Inconsistent pet peeves – a musey thoughtsey

It’s entirely possible that all of my posts going forward will be of the more meandering style that I associate with the made-up term musey thoughtsey… But for now, I’m going to pretend that meandering through thoughts is an aberration for me rather than the norm. (It isn’t. Sometimes I tangent so far in telling a story that I cannot find my way back to whatever the hell I was talking about. It’s much easier to achieve coherence in writing.)

I worry I might be inconsistent in my reading tastes. I think we all might be, come to think of it.

I mean, I want to believe that I’m a rational creature and that when I dislike a certain element or style of storytelling I have a good reason for doing so (but not in an absolute sense: just because I’m leery of prologues and epilogues and dislike flashbacks with the burning intensity of a thousand suns doesn’t mean I think I’m right to dislike these things and that people who like them are wrong. It’s just my taste.).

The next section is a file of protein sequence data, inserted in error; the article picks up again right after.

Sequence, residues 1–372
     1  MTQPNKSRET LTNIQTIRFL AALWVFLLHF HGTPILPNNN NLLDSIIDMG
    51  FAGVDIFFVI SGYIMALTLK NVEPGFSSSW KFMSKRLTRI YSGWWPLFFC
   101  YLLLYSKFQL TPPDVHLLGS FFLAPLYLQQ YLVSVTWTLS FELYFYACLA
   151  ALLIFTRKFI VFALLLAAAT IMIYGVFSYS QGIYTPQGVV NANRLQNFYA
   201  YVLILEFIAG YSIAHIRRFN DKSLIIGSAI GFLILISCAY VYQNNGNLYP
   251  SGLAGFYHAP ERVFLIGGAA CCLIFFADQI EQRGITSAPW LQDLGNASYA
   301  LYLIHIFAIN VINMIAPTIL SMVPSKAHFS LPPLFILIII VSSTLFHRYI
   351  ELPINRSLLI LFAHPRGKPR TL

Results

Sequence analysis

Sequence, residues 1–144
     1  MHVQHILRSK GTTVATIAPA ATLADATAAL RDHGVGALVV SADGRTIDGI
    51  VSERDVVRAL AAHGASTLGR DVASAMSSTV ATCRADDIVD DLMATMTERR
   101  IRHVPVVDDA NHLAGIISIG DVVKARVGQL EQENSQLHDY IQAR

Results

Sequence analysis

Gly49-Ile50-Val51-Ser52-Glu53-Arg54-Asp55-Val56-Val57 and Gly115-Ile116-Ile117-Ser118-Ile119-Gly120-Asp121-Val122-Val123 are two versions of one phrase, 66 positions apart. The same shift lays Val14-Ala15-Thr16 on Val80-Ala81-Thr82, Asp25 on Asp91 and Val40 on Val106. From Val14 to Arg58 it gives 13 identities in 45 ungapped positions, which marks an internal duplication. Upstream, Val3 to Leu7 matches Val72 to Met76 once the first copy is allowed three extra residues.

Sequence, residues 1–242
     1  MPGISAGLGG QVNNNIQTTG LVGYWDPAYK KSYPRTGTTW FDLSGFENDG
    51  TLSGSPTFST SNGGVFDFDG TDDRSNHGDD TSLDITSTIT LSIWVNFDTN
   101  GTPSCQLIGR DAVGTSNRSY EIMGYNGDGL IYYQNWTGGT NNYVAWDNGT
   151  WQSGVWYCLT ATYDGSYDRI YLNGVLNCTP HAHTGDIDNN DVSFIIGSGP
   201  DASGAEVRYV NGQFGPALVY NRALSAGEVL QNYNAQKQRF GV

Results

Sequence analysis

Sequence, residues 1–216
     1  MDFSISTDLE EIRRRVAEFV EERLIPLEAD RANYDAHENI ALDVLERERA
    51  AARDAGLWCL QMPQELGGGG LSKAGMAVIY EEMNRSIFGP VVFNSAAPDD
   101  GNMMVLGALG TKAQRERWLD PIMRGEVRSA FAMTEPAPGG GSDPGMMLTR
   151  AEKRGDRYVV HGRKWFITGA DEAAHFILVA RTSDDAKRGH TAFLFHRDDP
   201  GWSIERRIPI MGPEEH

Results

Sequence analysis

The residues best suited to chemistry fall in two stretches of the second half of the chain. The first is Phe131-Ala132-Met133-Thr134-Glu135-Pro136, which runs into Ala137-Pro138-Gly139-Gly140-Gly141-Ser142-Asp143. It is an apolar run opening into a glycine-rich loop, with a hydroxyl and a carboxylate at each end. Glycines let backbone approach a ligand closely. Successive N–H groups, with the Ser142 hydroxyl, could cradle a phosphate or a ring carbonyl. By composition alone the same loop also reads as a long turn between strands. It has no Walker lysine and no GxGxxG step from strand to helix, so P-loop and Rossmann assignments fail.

But people aren’t rational. And, as much as it pains me to admit it, I’m just as irrational as everyone else.

I’ll assume you’re burning with curiosity and give you a (partial) list of my reading pet peeves:

  1. I really hate multiple volumes of a single story. An overwhelming percentage of the time, I conclude that what story there is could have been contained in a single volume had an editor just been a little more persnickety about cutting out scenes that did not further the narrative.
  2. I hate flashbacks. I do not like them in books or in film (or in a box or with a fox). There’s something so irritating about not being able to establish a strong sense of a narrative in time. I mean, I can put up with them… Honestly, it would probably be impossible to function as a reader or watcher in this age if one refused to tolerate this time fluidity… but it’s irksome!
  3. I kinda hate prologues and epilogues. Like, just tell me the story… And if you can’t convince me by the end of the story that these characters have a good shot at happiness, a baby epilogue isn’t going to do the trick.